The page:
Then we met Ross Harding, an Australian sustainability warrior. Together, we defined our vision:

“LAAX wants to become the world’s first self-sufficient alpine destination through financially viable initiatives.”

Based on this vision we developed a strategy which follows the principle to reduce, reuse, and recycle. We have set demanding, but doable, goals until 2023, including:

  • Reduce CO2 emissions by at least 30%
  • Reduce electricity consumption by 0.4 GWh
  • Reduce residual waste by half

Why the focus on sustainability in the first place?

To us, success means maximising our positive social impact as we minimize our environmental impact.

We want to create a place where people can travel to without feeling guilty, and who are willing to pay the costs for this benefit.

We know that about 90% of our guests are saying that sustainability is very important, and really appreciate our effort. Sustainability is now a part of guest satisfaction.

Human-caused climate change is real, and thus mandatory for us to fight it.

On the other hand, reducing energy consumption is not just good for the environment, but also for saving money. So why shouldn’t we do it?

Which destinations around the world serve you as examples? Where do you look for inspiration?

Aspen Snowmass and Vail resorts are two inspiring companies in winter sports destinations. From Aspen Snowmass, I got the idea of founding an environmental foundation: the Greenstyle Foundation is dedicated to preserving and developing the environment across the destination Flims/Laax.

We also have a yearly climate kick boot camp in LAAX, where innovative start-ups receive coaching and can present their ideas.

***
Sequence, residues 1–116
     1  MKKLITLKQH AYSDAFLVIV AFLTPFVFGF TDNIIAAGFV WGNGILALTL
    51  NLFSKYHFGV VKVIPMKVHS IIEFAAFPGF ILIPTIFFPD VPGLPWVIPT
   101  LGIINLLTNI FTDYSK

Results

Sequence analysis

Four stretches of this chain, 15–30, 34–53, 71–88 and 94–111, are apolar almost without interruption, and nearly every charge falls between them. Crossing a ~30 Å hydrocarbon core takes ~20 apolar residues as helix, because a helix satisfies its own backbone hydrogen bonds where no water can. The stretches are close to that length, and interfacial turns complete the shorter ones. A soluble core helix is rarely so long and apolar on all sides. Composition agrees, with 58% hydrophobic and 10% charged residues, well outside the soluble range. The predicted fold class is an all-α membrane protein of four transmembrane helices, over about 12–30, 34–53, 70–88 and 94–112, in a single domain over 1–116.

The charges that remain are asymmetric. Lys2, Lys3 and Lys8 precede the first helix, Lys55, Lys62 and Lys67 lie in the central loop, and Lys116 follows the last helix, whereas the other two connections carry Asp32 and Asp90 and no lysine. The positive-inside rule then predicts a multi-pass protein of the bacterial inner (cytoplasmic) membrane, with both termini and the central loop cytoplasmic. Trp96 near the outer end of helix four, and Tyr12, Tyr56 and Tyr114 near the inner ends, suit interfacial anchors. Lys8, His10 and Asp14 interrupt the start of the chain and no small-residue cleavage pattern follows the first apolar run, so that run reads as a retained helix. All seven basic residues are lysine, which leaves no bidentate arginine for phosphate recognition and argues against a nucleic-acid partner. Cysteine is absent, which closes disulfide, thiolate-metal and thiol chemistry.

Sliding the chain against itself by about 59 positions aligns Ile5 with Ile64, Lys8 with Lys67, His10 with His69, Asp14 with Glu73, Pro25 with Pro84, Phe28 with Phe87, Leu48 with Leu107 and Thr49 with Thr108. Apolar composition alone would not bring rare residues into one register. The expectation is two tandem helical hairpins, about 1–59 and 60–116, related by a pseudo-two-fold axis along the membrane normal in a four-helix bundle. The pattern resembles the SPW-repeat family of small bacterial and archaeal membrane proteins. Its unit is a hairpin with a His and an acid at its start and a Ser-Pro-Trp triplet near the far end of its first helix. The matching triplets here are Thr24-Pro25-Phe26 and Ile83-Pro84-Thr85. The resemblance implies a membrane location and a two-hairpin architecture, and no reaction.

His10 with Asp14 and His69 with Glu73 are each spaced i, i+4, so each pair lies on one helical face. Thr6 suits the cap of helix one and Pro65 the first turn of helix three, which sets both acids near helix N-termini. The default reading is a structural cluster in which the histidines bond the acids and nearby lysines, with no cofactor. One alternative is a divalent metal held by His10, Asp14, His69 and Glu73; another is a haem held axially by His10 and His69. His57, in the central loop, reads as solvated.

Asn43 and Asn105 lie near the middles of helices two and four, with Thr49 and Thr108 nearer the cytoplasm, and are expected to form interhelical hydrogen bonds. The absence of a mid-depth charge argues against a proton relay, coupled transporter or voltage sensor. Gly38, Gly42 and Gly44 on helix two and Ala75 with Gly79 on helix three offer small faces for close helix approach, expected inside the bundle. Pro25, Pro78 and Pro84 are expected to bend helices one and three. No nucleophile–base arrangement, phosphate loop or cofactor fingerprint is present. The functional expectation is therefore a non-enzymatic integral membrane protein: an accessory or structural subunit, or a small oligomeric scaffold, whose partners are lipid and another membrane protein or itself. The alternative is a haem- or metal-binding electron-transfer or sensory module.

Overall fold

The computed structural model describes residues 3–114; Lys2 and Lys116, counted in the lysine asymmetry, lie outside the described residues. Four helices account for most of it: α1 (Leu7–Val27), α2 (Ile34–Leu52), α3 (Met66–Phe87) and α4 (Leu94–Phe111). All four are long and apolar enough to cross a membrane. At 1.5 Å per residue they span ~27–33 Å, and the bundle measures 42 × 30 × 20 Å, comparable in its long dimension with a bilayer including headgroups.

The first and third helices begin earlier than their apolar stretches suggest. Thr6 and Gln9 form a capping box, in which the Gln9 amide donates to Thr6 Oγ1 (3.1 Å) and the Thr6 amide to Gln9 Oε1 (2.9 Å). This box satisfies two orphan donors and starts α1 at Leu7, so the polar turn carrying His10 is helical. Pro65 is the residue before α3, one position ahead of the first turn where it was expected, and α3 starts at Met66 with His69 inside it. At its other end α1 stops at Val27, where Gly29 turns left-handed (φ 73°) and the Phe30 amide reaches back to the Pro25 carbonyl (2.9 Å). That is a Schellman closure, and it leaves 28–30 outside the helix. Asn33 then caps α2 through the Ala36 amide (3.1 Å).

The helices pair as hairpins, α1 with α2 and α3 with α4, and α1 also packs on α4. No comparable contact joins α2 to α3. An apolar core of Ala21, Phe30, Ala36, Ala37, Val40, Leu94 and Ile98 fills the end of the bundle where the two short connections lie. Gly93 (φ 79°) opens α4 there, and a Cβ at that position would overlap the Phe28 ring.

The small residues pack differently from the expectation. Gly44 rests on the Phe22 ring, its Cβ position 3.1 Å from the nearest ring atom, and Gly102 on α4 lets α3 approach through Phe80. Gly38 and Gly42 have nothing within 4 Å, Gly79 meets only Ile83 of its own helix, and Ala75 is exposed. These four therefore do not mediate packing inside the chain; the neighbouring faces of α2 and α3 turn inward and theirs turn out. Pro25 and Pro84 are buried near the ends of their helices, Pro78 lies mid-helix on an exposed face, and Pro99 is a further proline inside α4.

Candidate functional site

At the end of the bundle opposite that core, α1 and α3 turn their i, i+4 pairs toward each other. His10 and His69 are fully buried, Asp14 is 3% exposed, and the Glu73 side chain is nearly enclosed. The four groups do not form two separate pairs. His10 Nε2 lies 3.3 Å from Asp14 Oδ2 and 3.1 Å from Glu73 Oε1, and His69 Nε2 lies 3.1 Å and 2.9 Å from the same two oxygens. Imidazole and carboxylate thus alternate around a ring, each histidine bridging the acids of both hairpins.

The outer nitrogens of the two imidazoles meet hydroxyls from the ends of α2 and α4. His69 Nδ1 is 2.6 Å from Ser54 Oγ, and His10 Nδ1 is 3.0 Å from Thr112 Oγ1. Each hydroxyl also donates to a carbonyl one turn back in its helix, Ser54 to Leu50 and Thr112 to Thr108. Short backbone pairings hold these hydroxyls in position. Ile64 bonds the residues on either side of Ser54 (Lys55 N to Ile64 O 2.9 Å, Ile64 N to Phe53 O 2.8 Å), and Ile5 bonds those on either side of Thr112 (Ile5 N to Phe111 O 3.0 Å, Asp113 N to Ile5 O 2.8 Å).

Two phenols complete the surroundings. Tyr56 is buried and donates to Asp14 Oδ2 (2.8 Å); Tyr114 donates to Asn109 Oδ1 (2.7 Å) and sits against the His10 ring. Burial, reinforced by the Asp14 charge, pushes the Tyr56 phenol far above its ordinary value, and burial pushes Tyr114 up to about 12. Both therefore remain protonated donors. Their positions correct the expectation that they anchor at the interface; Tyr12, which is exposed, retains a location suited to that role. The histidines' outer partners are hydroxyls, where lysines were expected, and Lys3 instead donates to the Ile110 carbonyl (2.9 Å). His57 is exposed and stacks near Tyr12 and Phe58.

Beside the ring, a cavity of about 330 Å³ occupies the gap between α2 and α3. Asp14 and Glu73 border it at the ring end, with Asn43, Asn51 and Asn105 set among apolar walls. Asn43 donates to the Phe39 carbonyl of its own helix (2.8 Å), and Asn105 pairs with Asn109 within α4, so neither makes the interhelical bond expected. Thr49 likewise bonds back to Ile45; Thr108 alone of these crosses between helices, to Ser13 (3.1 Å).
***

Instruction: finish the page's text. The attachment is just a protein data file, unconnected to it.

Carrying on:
Climate change and seasonality are two challenges frequently mentioned in connection with destination sustainability, especially mountain tourism. How do you approach those at WAG, and across the destination?

Right now, winter tourism in Laax is generating – within only 4 months – about 90% of our revenue.

For us, moderate climate change (a rise of global temperatures by no more than two degrees) has two dimensions. First, some tourism experts predict that more people from cities will want to enjoy cooler temperatures in mountain destinations, which could be a positive change. This is actually something we already witnessed this summer.

On the other hand, the absence of snow in lower areas will make resorts vanish. Even though a big part of our slopes is on snow-secure levels, at above 2000 m altitude, we already experience the consequences of the changing climate: winter seasons are becoming shorter.

What role can marketing play as a tool for a (more) sustainable destination and responsible travel?

Marketing and communication are probably the most important facilitators of sustainability. It is not about being perfect, but about doing something and being transparent. Only that way people will support you, for example by buying the right goods and giving you constructive feedback on how to improve.